Wits Health Sciences cracks top 100 globally in clinical subjects of THE ranking - locally lauded
- Deborah Minors
Wits University has entered the top 100 globally in ranking by subject, placing 77th in the Clinical, Pre-Clinical and Health subject area for 2016-2017.
This is the first time since the inception of the Times Higher Education (THE) subject rankings in 2010/11 that Wits has entered the top 100. The subject ranking considers 37 clinical disciplines ranging from anesthesiology and cardiology, through dermatology and medical ethics, to obstetrics, psychiatry and public health.
The Faculty of Health Sciences at Wits teaches and researches in all of these fields in its seven schools, which include Anatomical Sciences, Clinical Medicine, Oral Health Sciences, Pathology, Physiology, Public Health, and Therapeutic Sciences.
“The Faculty is honoured to have such exceptional academics teaching future generations of health professionals and making significant research contributions aimed at improving the health of all South Africans,” says Prof. Martin Veller, Dean of the Faculty of Health Sciences.
The Faculty has been acknowledged locally as well. Five Wits academics won awards at the 2016 South African Medical Research Council (SAMRC) Scientific Merit Awards held in Cape Town on 18 October. The awards recognise the country’s leading medical researchers whose work has had a monumental impact on health science in South Africa.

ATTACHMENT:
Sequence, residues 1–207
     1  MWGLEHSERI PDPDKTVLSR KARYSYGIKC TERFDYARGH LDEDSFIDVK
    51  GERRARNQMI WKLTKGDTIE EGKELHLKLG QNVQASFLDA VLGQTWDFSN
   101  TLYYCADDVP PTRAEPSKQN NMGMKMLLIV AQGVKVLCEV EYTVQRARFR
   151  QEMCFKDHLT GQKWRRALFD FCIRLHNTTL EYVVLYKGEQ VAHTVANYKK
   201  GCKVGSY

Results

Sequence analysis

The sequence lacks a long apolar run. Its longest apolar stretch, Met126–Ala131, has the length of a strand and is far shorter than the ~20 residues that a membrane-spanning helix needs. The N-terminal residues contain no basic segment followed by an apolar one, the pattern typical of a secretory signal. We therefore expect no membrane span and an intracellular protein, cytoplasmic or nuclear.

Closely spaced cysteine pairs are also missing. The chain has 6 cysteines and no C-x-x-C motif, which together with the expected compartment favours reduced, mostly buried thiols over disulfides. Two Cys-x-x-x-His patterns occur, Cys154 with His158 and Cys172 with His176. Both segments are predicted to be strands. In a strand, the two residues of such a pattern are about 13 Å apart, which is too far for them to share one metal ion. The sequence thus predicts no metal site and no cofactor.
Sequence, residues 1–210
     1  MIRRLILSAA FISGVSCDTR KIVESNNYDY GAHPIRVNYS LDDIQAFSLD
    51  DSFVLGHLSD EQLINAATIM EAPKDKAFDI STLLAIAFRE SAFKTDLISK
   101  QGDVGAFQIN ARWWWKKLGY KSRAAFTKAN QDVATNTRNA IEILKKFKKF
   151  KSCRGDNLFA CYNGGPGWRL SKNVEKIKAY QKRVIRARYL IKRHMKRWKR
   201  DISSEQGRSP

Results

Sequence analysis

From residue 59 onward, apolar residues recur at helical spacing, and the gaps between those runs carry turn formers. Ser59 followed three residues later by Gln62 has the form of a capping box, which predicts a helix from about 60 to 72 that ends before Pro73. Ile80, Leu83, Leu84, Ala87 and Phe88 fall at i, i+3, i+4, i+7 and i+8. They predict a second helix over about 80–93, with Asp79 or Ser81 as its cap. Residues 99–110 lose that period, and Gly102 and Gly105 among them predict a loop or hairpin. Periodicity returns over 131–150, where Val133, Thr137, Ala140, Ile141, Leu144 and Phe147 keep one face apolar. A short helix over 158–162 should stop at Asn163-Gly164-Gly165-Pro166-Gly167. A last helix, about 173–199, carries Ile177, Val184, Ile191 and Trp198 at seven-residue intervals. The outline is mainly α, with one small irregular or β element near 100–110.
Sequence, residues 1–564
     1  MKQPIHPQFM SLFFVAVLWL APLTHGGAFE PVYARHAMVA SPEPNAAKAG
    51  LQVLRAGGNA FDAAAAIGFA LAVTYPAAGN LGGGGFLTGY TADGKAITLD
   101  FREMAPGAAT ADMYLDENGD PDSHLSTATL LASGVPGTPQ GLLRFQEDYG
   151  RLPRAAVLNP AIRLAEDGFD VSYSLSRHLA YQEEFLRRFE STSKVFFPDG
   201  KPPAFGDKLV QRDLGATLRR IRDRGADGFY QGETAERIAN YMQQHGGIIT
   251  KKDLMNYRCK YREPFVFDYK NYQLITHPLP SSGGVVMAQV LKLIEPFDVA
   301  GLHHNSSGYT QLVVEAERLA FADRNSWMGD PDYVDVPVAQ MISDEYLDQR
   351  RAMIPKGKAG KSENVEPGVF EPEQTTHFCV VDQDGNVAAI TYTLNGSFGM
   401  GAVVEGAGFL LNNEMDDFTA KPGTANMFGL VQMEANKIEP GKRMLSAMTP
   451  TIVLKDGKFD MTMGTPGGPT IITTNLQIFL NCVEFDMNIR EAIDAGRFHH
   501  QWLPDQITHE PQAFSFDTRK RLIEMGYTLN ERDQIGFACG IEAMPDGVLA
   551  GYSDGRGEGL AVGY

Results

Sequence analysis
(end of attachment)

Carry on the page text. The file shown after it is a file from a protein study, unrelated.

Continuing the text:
Wits University winners of gold awards included Prof. Gavin Norton (School of Physiology), Prof. Viness Pillay (School of Therapeutic Sciences – Pharmacy & Pharmacology) and Prof. Frederick Raal (School of Clinical Medicine – Internal Medicine, Endocrinology).
Prof. Norton’s research into improving cardiovascular risk prediction in resource-limited settings like South Africa enabled development of new cardiovascular risk assessments. His work advanced understanding of the effects of regular exercise on the heart, blood pressure, and large vessels.
The work of Prof. Pillay is revolutionising the way drugs are administered. His research focuses on ensuring that drugs don’t flood the body but target affected areas. This has radically improved drug effectiveness in treating Cancer and neuro-degenerative diseases, among others, and has reduced side effects.
Familial hypercholesterolaemia (FH) is inherited high cholesterol and it affects 100 000 people in South Africa. Prof. Raal’s research into FH led the US Food and Drug Administration to approve medication in July 2015. Prof. Raal’s research has taken a virtually untreatable condition to one that can now be managed.
Prof. Cheryl Cohen researches the causes, transmission, and control of respiratory disease. Her work provided data on the efficacy of interventions for the causes of pneumonia and enabled the establishment of a national pneumonia surveillance programme. The Department of Health uses Prof. Cohen’s research to generate evidence that guides policy and supports government’s response to communicable disease threats.
Prof. Sithembiso Velaphi’s work in neonatal (newborn) survival and reducing neonatal mortality and infection rates has helped reduce the morbidity rates of premature babies in Chris Hani Baragwanath Hospital. His research has also stimulated a project to teach how to resuscitate newborn babies.
Prof. Glenda Gray, SAMRC President and Associate Professor in the School of Clinical Medicine (Perinatal HIV) at Wits, says: “It is inspiring that South Africa hosts such incredible scientists who continue to advance the state of health in our country and contribute to the global knowledge economy. We are honoured to recognise such excellence.”